Ars Technica: The Art of Technology

Fixing the past: the art of collecting pinball machines

The hazy future of Web typography

Science moves from the stacks to the Web; print too pricey

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Firefox stability to get a boost with multiprocess browsing

Mozilla is adding support for multiprocess browsing to Firefox. The feature, which is already found in Google Chrome, will improve the stability and security of Mozilla's browser. Ars takes a look at the current status of the implementation and at an early demo that shows a page rendering in a separate process.

Jammie Thomas challenges "monstrous" $1.92M P2P verdict

Jammie Thomas-Rasset has asked the court to overturn or reduce the $1.92 million judgment against her for sharing music files online. As an alternative, how about a third trial?

Fixing the past: the art of collecting pinball machines

Pinball is a dying art, but as it dies it has spawned a new art in its place: the art of collecting and restoring pinball machines. Ars talks to a veteran pinball machine collector and restorer about fixing (and playing) the past.

800 TFLOP real-time ray tracing GPU unveiled, not for gamers

A Japanese company has announced an ambitious new system that uses what is essentially a complex, 45nm ray-tracing GPU to accelerate real-time ray traced rendering. The target market is automotive design, and, unfortunately for any gamers who might fantasize about one day using for games, it's likely to stay confined to that niched forever.

Mac Quicken '09 still missing in action

All references to the new version of Quicken for Mac have been removed from Intuit's website, leaving only the old 2007 software. A year and a half after the "complete rewrite" was showcased, has the company decided to ditch the software in favor of its web offerings?

New algorithm guesses SSNs using date and place of birth

Two researchers have found that a pair of antifraud methods intended to increase the chances of detecting bogus social security numbers has actually allowed the statistical reconstruction of the number using information that many people place on social networking sites.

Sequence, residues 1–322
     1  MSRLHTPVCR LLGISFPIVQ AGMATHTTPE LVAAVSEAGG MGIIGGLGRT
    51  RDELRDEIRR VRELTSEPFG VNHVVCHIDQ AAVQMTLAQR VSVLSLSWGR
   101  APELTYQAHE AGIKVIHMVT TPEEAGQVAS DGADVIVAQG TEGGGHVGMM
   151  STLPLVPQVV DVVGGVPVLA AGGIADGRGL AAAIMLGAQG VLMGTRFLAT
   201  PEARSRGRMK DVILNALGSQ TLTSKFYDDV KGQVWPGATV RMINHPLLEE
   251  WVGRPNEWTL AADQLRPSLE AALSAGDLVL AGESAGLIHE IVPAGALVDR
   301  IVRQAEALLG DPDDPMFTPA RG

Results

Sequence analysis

Goodbye, CompuServe! (We thought you already died)

Remember CompuServe? While many of us thought it had already died years ago, it turns out that AOL was keeping it on life support—up until this month. With the decision to finally shut the 30-year-old service down, Ars reminisces about the olden days of the Internet.

Science moves from the stacks to the Web; print too pricey

If information isn't online, it may as well not exist. In the latest sign that the world of traditional print has become a world of hurt, the American Chemical Society is reported to be planning to switch to an online-only publishing model for its journals.

UK ISP drops Phorm behavioral ad tech—for now

UK ISP BT has decided not to roll out the controversial behavioral advertising system Phorm for the time being, instead focusing its resources on more important prospects. The news comes as a relief to privacy groups in the UK, though Phorm is not dead yet.

The pillars of PC gaming: why StarCraft 2 LAN play matters

While it may not change the game's bottom line, the exclusion of LAN play from StarCraft 2 bothers many old-school gamers. It's an uncomfortable reminder of just how much the PC gaming world has changed.

The hazy future of Web typography

Current technology can break Web type free from the Georgia/Verdana prison, but getting all the stakeholders—Web designers, type designers, font vendors, and browser vendors—to agree on a standard may be a bigger challenge than the technology.

NSA's power- and money-sucking datacenter buildout continues

New budget docs reveal that the NSA is building a large new datacenter in Utah so that it can inhale more of your e-mail traffic. No word yet on how much it will pay for the large lidless eye wreathed in flame that will tower over the new facility.

More details emerge on the Intel/TSMC deal and Moorestown

A recent rumor that originated in a Chinese-language publication and passed on by DigiTimes fleshes out the answer to two long-running mysteries regarding the Intel ultramobile chipset story.

FCC broadband roadmap aims to bring order to stimulus chaos

The FCC has published its plan for creating a national broadband plan, it announced on Thursday, with lots of chances for public participation. Ars rolls out the itinerary.

Weird science has vibrating primates and globalized ants

Standardizing procedures for death, failing the "paté or dogfood" test, and signs that the ants are using us to take over the world. All just another week of Weird Science.

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